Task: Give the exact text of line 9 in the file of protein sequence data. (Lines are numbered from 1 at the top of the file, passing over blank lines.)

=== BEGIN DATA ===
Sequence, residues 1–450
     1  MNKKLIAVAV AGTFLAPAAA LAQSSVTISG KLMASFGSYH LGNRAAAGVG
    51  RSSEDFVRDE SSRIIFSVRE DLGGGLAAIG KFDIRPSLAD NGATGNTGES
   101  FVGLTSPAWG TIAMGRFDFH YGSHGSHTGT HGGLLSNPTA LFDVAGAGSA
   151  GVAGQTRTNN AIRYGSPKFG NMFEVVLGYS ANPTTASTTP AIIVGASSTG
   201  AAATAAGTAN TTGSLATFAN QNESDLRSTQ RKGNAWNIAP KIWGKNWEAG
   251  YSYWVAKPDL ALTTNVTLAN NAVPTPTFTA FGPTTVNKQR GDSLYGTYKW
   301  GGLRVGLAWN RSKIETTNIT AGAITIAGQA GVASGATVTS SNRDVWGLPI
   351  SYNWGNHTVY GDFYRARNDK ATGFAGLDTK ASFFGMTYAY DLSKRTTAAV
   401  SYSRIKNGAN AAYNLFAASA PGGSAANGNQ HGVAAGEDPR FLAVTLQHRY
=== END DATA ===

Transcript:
   351  SYNWGNHTVY GDFYRARNDK ATGFAGLDTK ASFFGMTYAY DLSKRTTAAV